To our knowledge, this is the first study reporting lifetime prevalence rates and point prevalence rates of stalking in Austria. Although the only epidemiological data from Germany were collected from a middle-sized city, our results are very similar. This emphasizes the validity of the German data although further studies are needed to confirm this observation. Furthermore, we found no difference between stalking victims from rural and urban areas although samples with higher rates of stalking victims are needed to obtain more specific data on this aspect.
We thank investigators for their help in collecting the data. We are also indebted to Mr. Harald Dressing for providing additional information about the study on stalking which served as the basis of comparison for the present study.
1. Meloy JR. The psychology of stalking: clinical and forensic perspectives. San Diego, CA: Academic Press; 1998. [ Links ]
2. Purcell R, Pathé M, Mullen PE. Stalking. Defining and prosecuting a new category of offending. Int J Law Psychiatry 2004; 27: 157-169. [ Links ]
3. Kamphuis JH, Emmelkamp PMG. Stalking - a contemporary challenge for forensic and clinical psychiatry. Br J Psychiatry 2000; 173 : 206-209. [ Links ]
4. Dressing H, Kuehner C, Gass P. Lifetime prevalence and impact of stalking in a European population: Epidemiological data from a middle-sized German city. Br J Psychiatry 2005; 187: 168-172. [ Links ]
5. Dressing H, Kuehner C, Gass P. The epidemiology and characteristics of stalking. Curr Opin Psychiatry 2006; 19: 395-399. [ Links ]
6. Purcell R, Pathé M, Mullen PE. The prevalence and nature of stalking in the Australian community. Aust N Z J Psychiatry 2002; 36: 114-120. [ Links ]
7. Budd T, Mattinson J. The extend and nature of stalking: findings from the 1998 British crime survey. London: Home Office; 2000. [ Links ]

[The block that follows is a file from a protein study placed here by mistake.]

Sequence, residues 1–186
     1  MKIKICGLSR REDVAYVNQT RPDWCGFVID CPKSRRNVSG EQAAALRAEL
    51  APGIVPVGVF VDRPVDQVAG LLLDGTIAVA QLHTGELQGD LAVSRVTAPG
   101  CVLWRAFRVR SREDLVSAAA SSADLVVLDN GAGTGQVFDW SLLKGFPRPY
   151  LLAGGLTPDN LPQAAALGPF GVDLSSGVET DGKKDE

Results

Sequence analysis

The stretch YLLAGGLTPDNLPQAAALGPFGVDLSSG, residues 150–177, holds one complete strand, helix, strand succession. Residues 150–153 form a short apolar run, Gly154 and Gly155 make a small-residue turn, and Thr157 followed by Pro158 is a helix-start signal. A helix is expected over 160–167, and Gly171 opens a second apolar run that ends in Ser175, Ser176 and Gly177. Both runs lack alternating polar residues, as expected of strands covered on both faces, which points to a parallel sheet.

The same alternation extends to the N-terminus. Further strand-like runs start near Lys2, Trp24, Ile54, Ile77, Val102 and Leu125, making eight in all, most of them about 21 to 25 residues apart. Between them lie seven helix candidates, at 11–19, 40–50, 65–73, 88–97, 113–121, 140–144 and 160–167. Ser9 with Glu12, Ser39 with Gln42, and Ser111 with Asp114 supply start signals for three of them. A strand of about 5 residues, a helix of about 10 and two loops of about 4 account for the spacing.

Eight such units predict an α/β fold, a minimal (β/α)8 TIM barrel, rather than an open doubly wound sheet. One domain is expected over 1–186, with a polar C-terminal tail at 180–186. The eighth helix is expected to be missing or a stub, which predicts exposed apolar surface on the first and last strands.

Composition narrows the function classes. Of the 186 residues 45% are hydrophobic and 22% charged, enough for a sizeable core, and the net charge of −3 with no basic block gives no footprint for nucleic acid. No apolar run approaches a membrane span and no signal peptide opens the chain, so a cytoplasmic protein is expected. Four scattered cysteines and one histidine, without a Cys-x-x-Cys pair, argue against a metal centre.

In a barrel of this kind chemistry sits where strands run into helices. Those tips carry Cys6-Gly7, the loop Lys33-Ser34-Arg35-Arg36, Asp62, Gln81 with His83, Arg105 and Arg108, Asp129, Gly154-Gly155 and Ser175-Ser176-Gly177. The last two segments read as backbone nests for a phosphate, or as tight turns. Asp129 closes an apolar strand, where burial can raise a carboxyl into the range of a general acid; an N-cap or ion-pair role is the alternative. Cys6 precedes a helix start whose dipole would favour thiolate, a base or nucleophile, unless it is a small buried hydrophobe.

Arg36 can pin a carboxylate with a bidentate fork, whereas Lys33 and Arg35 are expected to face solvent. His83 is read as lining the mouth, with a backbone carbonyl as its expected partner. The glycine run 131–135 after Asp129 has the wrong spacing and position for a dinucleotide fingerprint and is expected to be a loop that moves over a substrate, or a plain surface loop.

8. Tjaden P, Thoennes N. Stalking in America: Findings from the National violence against women survey. Denver, CO: Center for Policy Research; 1998. [ Links ]
10. Hasselblad V, Hedges, LV. Meta-analysis of screening and diagnostic tests. Psych Bull 2005; 117: 167-178. [ Links ]
11. Cohen J. Statistical power analysis for the behavioral sciences (2nd ed.). Hillsdale, NJ: Erlbaum; 1988. [ Links ]
12. World Health Organisation. Use of well-being measures in primary health care - the DepCare project health for all. Target 12. Geneva: WHO; 1998. [ Links ]
13. Voss HG, Hoffmann J. [About the phenomenology and psychology of stalking: an introduction]. Polizei und Wissenschaft 2002; 4: 4-14. [ Links ]
14. Henkel V, Mergl R, Kohnen R, Maier W, Möller HJ, Hegerl U. Identifying depression in primary care: A comparison of different methods in a prospective cohort study. Brit Med J 2003; 326: 200-201. [ Links ]
15. Kamphuis JH, Emmelkamp PMG. Traumatic distress among support-seeking female victims of stalking. Am J Psychiatry 2001; 158: 795-798. [ Links ]
Department of Basic Psychological Research
School of Psychology
University of Vienna
Received 26 May 2008
Revised 2 October 2008
Accepted 17 October 2008